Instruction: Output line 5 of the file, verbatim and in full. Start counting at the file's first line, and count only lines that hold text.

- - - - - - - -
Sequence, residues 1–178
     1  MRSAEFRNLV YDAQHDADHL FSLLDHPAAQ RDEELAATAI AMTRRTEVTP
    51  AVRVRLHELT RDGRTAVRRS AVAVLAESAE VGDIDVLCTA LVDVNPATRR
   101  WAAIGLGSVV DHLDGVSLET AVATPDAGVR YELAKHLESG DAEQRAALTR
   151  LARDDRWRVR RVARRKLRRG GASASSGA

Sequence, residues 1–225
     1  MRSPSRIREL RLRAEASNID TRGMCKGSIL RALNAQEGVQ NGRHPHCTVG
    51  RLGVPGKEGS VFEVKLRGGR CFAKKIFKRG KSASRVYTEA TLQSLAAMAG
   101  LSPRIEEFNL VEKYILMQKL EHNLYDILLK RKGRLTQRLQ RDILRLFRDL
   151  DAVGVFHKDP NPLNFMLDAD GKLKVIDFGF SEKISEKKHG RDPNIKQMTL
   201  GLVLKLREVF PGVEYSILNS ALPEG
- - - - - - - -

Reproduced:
   151  LARDDRWRVR RVARRKLRRG GASASSGA